Last week, I drove some four hundred kilometres from Harare to Chiredze in the low velds of Zimbabwe bordering South Africa. I was attending the famous sugarcane seminar at Tongaat Estates convened by the Zimbabwe Sugar Institute. This is a seminar where scientists present different scientific findings from years of research centered around the sugar industry with the view to improving productivity and operational efficiency of growers in the sector.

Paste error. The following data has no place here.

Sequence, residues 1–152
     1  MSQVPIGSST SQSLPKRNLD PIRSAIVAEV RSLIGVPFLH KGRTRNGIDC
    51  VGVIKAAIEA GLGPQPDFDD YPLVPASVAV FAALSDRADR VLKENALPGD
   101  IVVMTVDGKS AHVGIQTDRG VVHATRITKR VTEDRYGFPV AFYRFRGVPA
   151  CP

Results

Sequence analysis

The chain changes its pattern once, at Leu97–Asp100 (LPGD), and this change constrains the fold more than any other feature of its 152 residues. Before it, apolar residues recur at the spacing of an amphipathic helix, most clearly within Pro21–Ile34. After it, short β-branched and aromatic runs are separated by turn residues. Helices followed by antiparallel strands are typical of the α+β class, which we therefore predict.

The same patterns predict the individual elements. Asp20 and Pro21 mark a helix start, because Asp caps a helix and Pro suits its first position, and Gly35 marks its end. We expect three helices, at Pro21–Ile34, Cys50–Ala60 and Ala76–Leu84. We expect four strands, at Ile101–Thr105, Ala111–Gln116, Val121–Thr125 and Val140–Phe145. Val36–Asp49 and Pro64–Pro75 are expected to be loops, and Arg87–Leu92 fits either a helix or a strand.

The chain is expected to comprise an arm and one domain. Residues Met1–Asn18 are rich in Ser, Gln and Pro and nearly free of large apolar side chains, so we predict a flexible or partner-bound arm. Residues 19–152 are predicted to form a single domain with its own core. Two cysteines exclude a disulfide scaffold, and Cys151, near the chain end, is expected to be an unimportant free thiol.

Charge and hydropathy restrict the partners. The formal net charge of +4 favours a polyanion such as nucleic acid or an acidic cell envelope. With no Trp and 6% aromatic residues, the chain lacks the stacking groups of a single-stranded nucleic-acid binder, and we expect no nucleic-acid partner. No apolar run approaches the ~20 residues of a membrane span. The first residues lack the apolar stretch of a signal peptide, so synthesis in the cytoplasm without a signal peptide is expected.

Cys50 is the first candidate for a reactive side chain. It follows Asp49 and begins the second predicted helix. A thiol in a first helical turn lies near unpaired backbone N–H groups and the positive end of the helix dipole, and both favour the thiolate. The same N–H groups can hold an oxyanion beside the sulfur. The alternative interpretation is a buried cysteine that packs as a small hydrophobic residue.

One striking observation I have noted with Zimbabwe, and to some extent Malawi, is that even though their economies are crawling such that you rarely know the currency of that country, they have maintained the systems and have infrastructure in place. For instance, Zimbabwe Sugar Industry (ZSI) is an institution that is run by professionals through loyalties paid by private companies in the sugar industry. A phenomenon we don’t have well established in Zambia except for tobacco and cotton to a smaller extent. In other countries, such institutions are the ones that are involved even in conducting registration research to register certain products to be used on a particular crop in the country unlike us where everything is handled by ZEMA. Anyhow, enough of the regulatory issues as that is a subject for another day and beyond the scope of this article.